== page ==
3.2. Ephedra sinica
Ephedra sinica (ma-huang) is an evergreen shrub native to Central Asia, whose dried parts have been used for thousands of years in the traditional Chinese medicine for the treatment of various respiratory conditions . Its main biologically active component is the alkaloid ephedrine, a sympathomimetic agent . The chemical structure of ephedrine is very similar to that of amphetamine; in fact, amphetamines have been originally synthesized as a substitute for ephedrine .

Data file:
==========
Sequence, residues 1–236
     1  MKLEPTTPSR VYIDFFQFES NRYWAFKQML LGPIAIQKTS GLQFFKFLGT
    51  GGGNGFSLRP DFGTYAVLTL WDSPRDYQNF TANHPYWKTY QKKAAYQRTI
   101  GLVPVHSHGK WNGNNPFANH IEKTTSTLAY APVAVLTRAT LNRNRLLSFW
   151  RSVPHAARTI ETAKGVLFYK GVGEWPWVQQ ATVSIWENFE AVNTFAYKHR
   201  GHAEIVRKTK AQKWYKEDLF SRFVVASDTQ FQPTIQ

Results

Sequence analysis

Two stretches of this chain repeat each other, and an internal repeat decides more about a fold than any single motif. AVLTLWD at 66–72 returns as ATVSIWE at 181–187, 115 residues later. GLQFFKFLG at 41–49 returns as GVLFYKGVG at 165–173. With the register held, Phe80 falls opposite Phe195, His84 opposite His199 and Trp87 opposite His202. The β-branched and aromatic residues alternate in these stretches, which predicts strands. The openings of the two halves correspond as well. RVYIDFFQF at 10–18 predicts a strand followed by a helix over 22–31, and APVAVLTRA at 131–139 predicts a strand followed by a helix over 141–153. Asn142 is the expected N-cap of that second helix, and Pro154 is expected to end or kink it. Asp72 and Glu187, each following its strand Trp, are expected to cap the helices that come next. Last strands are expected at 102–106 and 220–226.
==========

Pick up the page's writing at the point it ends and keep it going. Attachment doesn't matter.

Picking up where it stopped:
In 1972, a Danish physician first noted unintentional weight loss in a patient taking ephedrine-containing pills for asthma . Subsequently, ma-huang became one of the most commonly used herbs for weight loss . A meta-analysis reported that ma-huang promoted modest short-term weight loss (approximately 0.6 kg/mo more than placebo), although there are no data regarding long-term outcomes . This effect is said to be mainly due to a sympathomimetic stimulation of thermogenesis in skeletal muscles [37, 40]. Ephedrine can rapidly pass through the blood-brain barrier  and can stimulate short-term release of dopamine and norepinephrine, as well as long-term depletion of monoamine . Ma-huang use has been associated with several psychiatric adverse effects (reviewed below).